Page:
A historic pub interior of regional importance
Listed Status: IISt Saviour's Road
Tel: (01225) 425710
Real Ale: Yes
View on: Whatpub
The Larkhall Inn occupies a handsome mid-18th-century building and contains several late-Victorian features. You enter by a small intact vestibule into the public bar which, though large, always seems to have been one space. Sitting on the Victorian bar counter are three non-operational handpumps dated 1887. The bar-back fittings are later but still mostly of some age. Elsewhere in this room are a parquet floor, old dado panelling, fine lengths of bench seating and an impressive stone fireplace. To the left of the entrance, opening out into a lower level has taken place, with more tampering further back to create an open staircase. Note the old partition/draught screen by the door to the private quarters. A small pool room at the front has a parquet floor and hatch for service.
The Inn occupies a handsome mid 18th century building, originally a small manor house called ‘Lark Hall’, it became an inn in 1784. The Inn occupies a handsome mid 18th century building with early/mid 19th century stabling and brewery attached. It is situated on the main coaching road from Bath to Gloucester and horses were changed here. The inn had its own tokens for use as money. Its little altered interior owes much to the Harper family who ran the pub from 1920 until 1977 when Tom & Grace retired. In April 1942 the pub was machine gunned by the Nazi’s. In 1832 mineral waters were discovered and in 1834 the Larkhall Spa was built. The inn become a popular meeting place for gentry who came to take the waters. The spring dried up in 1930.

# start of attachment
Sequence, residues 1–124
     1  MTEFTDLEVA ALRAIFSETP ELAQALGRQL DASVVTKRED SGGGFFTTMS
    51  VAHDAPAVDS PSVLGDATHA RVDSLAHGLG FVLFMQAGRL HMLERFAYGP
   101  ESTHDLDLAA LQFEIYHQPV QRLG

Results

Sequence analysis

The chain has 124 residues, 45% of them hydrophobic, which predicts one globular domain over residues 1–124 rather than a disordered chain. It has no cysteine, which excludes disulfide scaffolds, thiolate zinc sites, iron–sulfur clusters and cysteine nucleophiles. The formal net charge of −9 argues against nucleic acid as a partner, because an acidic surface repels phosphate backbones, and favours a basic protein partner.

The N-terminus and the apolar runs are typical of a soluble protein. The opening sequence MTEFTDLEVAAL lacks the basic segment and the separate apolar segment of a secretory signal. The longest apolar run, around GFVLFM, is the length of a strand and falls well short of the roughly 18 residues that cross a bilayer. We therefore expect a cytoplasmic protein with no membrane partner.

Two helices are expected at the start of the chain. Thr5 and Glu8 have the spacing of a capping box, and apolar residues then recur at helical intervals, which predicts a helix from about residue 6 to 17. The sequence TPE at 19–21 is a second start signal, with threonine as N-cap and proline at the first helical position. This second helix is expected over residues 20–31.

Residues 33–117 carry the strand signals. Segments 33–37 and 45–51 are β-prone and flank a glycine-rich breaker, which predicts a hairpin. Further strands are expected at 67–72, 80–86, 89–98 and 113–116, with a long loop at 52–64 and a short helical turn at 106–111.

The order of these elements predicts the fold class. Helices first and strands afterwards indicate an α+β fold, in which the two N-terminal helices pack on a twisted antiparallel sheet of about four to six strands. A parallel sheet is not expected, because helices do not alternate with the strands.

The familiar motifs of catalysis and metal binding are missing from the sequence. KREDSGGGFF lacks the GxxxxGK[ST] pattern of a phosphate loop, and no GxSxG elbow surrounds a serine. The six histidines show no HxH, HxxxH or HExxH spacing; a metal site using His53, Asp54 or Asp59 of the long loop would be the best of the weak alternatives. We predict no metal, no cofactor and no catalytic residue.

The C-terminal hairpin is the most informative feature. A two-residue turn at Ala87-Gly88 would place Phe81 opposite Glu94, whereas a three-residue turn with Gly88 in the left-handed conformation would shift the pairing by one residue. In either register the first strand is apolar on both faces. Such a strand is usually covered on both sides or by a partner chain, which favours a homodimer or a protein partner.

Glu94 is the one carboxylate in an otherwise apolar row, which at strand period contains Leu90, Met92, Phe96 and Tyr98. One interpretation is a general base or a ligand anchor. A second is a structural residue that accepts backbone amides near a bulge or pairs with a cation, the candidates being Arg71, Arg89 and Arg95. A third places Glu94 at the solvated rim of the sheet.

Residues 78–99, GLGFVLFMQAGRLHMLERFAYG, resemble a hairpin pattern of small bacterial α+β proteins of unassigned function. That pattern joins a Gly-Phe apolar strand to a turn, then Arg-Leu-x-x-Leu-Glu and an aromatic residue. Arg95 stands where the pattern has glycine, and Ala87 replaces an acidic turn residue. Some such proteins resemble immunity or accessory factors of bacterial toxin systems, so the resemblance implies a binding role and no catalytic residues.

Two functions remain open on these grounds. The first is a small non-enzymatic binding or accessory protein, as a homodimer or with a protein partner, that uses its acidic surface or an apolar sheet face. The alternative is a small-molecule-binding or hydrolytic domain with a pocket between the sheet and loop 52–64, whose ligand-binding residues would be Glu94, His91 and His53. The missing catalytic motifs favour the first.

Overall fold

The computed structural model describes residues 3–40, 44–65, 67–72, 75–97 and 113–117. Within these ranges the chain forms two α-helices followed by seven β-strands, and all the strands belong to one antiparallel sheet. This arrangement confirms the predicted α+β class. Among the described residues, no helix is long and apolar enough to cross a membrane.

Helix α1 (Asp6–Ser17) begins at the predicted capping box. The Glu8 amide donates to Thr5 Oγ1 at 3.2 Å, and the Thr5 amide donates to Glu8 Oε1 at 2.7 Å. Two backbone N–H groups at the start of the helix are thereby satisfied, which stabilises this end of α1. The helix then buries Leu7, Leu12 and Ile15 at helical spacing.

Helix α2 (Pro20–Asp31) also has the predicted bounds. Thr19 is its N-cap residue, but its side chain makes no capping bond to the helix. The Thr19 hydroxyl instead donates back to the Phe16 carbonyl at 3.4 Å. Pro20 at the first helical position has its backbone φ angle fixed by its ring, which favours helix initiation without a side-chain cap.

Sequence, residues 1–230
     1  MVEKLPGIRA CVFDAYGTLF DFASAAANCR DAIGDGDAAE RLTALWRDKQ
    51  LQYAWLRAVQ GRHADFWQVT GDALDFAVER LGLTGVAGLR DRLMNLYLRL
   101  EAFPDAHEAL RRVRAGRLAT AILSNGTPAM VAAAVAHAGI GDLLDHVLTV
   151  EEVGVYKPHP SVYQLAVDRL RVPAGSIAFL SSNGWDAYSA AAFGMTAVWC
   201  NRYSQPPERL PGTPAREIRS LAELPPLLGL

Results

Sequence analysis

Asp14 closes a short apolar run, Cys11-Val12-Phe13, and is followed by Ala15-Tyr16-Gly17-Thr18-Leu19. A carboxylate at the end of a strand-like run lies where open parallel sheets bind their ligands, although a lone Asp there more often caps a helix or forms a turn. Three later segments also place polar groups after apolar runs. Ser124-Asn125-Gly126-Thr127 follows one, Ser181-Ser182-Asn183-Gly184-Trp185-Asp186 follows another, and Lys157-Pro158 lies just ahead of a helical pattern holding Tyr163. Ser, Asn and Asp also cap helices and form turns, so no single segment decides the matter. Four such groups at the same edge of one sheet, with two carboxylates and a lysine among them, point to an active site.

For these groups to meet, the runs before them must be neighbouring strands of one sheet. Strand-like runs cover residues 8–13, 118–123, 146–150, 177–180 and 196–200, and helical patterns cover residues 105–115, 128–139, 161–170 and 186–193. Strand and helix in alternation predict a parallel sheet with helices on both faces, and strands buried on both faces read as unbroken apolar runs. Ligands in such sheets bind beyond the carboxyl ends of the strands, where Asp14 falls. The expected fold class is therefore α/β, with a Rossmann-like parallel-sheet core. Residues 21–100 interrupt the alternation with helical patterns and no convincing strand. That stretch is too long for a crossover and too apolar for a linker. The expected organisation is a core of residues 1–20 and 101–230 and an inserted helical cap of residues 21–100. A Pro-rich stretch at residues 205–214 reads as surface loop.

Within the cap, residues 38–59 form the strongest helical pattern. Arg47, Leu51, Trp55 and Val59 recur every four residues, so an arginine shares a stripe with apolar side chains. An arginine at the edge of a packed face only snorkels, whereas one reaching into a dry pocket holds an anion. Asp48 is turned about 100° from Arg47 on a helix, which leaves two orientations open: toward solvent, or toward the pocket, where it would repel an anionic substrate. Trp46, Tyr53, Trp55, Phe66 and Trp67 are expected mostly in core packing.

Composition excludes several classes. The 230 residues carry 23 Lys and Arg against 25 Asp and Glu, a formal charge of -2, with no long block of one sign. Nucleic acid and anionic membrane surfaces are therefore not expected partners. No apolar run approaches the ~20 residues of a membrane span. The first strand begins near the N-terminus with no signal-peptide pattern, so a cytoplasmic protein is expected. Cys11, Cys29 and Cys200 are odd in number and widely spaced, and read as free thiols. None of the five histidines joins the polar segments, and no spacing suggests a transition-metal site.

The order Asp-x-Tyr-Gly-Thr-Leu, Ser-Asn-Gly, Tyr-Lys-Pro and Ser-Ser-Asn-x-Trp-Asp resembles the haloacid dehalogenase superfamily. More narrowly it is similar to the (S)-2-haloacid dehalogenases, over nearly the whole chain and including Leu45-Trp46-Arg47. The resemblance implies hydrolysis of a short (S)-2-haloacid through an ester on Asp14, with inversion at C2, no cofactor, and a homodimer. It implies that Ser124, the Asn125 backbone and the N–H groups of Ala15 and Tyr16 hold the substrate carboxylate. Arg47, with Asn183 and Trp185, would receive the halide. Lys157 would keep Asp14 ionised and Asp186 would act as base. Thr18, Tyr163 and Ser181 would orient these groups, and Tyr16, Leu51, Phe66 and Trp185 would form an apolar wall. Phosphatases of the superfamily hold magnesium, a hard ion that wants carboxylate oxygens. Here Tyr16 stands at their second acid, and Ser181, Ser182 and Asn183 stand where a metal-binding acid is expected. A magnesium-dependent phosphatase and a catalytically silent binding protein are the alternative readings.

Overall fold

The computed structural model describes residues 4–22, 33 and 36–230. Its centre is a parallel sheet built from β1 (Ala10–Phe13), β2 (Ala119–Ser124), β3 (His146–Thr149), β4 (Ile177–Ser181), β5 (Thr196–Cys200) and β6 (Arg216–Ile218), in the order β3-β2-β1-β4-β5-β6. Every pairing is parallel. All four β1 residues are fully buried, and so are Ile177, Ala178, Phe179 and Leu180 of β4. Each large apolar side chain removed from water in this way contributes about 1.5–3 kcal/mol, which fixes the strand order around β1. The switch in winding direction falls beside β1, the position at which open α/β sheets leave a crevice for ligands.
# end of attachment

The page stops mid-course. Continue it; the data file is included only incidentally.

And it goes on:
The internal features of interest date from late Victorian times. You enter by a small intact vestibule entrance from this period with quarry tiled floor, twin doors ahead with floral symbols cut into frosted glass with the figure ‘8’ over it. Also a narrow door and fixed panel on the right with the figure ‘6’ on the door but both doors lead to the same space now – a largish public bar, a room which, whilst large, always seems to have been one space.
Sitting on the Victorian bar counter are three (non-operational) brass handpumps inscribed "Nathaniel George Wilcocks City Inn Works Bath" and said to date from 1887. There are various bar back fittings and shelving, most of which are of more recent age. On the left are shelves on a mirrored back held up by columns and painted dark yellow (nicotine strain?) then next is a doorway for staff then a cupboard with a glass front and drawers below, also painted dark yellow and on the right another old bar back fitting – the top mirrored back part is not painted and may be a later addition, lower shelves are painted with Formica on the main middle shelf.
Look for the old gas fitting on the right of the bar back. There is a parquet floor, old dado panelling with window seating in the front part of the room. The front portion has a boarded ceiling whilst the back section has a higher ceiling with ornate plasterwork round the edges. There is a large original stone fireplace and two fine lengths of old bench seating - a curved one around the bay window of a style like an old settle but much wider and a straight section that forms a passage on the rear left to the ladies’ upstairs and the outside gents’ under cover.
Sadly, to the left of the entrance, there has been opening out into a lower level area with some wooden railings added later to reduce the gap to a doorway. This small room has a wood block floor, panelling to two-thirds height with wall benches attached, which look post-war as does the stone fireplace; and an even lower ceiling here. Further back on the left more tampering has taken place to create an open staircase and an entrance to the ladies loo. Note the old partition / draught screen opposite the counter by the door to the private quarters.
Small pool room at the front right has a parquet floor and hatch for service – in recent years it has lost its door with ‘Glass Room’. On the rear right the kitchen has old wood block floor and a half door so may have been a public room in the past. Good ‘Larkhall Inn’ etched and frosted front windows which are more recent.